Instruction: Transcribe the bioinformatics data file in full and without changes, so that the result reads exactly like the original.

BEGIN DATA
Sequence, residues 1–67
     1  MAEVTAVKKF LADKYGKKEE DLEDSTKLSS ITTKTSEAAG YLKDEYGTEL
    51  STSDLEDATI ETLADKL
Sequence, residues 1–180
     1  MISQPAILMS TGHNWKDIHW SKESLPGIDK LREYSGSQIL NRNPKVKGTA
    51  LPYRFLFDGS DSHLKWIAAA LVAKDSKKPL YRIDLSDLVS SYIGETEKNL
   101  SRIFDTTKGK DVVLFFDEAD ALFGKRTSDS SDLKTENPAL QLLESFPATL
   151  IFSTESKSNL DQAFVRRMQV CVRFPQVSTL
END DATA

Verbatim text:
Sequence, residues 1–67
     1  MAEVTAVKKF LADKYGKKEE DLEDSTKLSS ITTKTSEAAG YLKDEYGTEL
    51  STSDLEDATI ETLADKL
Sequence, residues 1–180
     1  MISQPAILMS TGHNWKDIHW SKESLPGIDK LREYSGSQIL NRNPKVKGTA
    51  LPYRFLFDGS DSHLKWIAAA LVAKDSKKPL YRIDLSDLVS SYIGETEKNL
   101  SRIFDTTKGK DVVLFFDEAD ALFGKRTSDS SDLKTENPAL QLLESFPATL
   151  IFSTESKSNL DQAFVRRMQV CVRFPQVSTL